The UK prime minister fired the opening shots of the 2015 election campaign on Monday 5 January, a full 120 days before polling day on 7 May. The British do not like long election campaigns. Most commentators are already bored by the big party’s slanging match, but they are fascinated by what the election result might be. Should we end up with another hung parliament, the backdoor deal-making could be much more protracted, and with the Fixed-Term Parliaments Act in place, interminable.
Britain’s three largest political parties are facing an unprecedented insurgency from smaller parties. The Liberal Democrats got 22 per cent of the national vote in 2010. They have been achieving around just 7 per cent in recent polls, though they will tend to hold more seats than this suggests. The Greens have only one MP to the Lib Dems’ 57, but regularly poll ahead of them. The Scottish National Party (SNP) failed to secure independence in the September referendum, but now have the third largest party membership in the UK, having increased by more than 400 per cent. Opinion polls also indicate that the two main parties’ support has shrunk since 2010. Both Mssrs Miliband and Cameron expect this to change in time for polling day, but the spread betting and Electoral Calculus don’t raise much expectation of change.
Most striking has been the success of the UK Independence Party (UKIP). Last year it gained the largest number of UK MEPs following elections to the European Parliament. They have won two parliamentary by-elections, following the high-profile defection of two Conservative MPs. UKIP only got 3.1 per cent of the vote in 2010. In 2015, 10 per cent does not seem unreasonable. Once mocked by the Prime Minister as a “bunch of fruitcakes and loonies,” they may not secure MPs, but they could change the outcome in a significant number of seats, because all the indications are that UKIP takes twice as many votes from Conservative than Labour in Conservative marginal seats.
But the SNP and Greens threaten Labour. In 2010, 41 of Labour’s 258 seats came from Scotland, and the fallout from the referendum has proved politically disastrous.
Labour maintains the advantage from the current distribution of seats. The 2010 coalition agreement committed to create constituencies of more equal size, but the Lib Dems reneged on the deal. Incumbent governments hardly ever increase their share of the vote. We Conservatives are striving to be the exception which proves the rule, but present polling would be likely to result in Labour being the largest party, perhaps even with a (small) overall majority.
The betting markets set the chances of a hung parliament at 80 per cent. Bookies offer 6:1 odds against a government with an overall majority. 60 per cent of voters would prefer that, reminding us of Disraeli’s dictum “that England does not love coalitions.”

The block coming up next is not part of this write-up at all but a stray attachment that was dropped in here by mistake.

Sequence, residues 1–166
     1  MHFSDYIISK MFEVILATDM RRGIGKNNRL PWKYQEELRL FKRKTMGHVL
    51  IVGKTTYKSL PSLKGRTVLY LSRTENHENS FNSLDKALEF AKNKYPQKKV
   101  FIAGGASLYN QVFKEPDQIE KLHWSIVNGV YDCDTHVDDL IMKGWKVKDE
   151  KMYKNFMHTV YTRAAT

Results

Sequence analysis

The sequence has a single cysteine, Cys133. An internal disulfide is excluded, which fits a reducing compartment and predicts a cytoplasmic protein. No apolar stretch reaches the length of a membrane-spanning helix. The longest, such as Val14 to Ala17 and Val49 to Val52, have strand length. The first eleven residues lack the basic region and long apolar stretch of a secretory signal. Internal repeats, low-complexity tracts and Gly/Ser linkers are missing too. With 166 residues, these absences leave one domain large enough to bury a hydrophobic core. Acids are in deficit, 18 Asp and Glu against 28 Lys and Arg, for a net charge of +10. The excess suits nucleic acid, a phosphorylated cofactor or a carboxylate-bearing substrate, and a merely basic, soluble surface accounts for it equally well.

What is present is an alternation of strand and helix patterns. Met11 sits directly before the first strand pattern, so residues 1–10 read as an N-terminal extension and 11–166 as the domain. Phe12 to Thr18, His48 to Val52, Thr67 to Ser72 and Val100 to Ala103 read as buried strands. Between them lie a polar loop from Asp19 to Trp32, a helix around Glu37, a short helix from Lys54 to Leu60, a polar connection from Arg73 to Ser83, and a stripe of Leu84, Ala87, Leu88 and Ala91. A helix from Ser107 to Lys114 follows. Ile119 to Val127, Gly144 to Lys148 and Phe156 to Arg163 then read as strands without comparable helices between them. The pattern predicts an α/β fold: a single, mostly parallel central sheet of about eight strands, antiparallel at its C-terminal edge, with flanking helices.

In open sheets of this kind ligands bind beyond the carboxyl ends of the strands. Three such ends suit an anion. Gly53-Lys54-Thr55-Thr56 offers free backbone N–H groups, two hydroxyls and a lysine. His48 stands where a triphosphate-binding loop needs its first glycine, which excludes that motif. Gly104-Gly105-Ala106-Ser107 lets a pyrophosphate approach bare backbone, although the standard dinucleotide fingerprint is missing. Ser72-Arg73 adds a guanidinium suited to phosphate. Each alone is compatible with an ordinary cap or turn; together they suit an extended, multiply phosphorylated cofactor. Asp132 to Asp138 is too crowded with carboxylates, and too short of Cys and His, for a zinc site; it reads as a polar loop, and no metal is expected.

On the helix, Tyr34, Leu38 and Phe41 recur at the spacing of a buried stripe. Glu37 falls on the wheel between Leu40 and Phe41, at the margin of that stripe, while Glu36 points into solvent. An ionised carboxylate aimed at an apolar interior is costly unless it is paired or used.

Before the last election in 2010, the then Cabinet Secretary began putting together a series of new ‘rules on government’ in the draft Cabinet Manual. Many commentators saw this as an attempt to codify the UK’s largely unwritten constitution into one document. This is nonsense, because no court would attach much legal authority to a manual written by civil servants, but it has changed the previous conventions around what happens in the case of a hung parliament.
When the Conservatives under Edward Heath failed to emerge as the largest party in the first 1974 general election, as soon as it was clear he could not obtain enough support from other parties to survive in office, he tendered his resignation to Her Majesty the Queen. She then invited Harold Wilson to establish a minority Government. The Cabinet Manual has subtly changed this expectation so that “the incumbent government remains in Office… [and] is entitled [my emphasis] to wait until the new Parliament has met to see if it can command the confidence of the House of Commons.” Moreover, there is an expectation that senior civil servants will facilitate any negotiations between the parties. Unlike in 2010, we also now have the Fixed-Term Parliaments Act, which sets the date for the next election five years hence. This has never been tested, but it could be impossible to call an earlier election.
So what kind of government could Britain end up with? At the time of writing, Ed Miliband has refused to rule out the possibility of working with the SNP, even though they are fundamentally opposed to the Union of Scotland and the rest of the UK, as well as being opposed to Britain’s nuclear deterrent, which is based in Scotland.
We must hope that neither Labour nor Conservative negotiators would do a deal with the SNP that threatens to disrupt the renewal of Britain’s continuous-at-sea nuclear deterrent. At a time of considerable international tension with Russia, and with upheaval and cost-cutting of Britain’s defence budget and within other NATO states, the stability of the UK’s nuclear deterrent has become more important.
Under this new ‘six-party’ system, there is a real possibility that a future government will depend upon more than two parties. It took only five days for negotiations to produce a government in 2010, but this year it might take much longer. And if the incumbent prime minister is feeling vulnerable, then he has a vested interest in a stalemate so that he can stay on.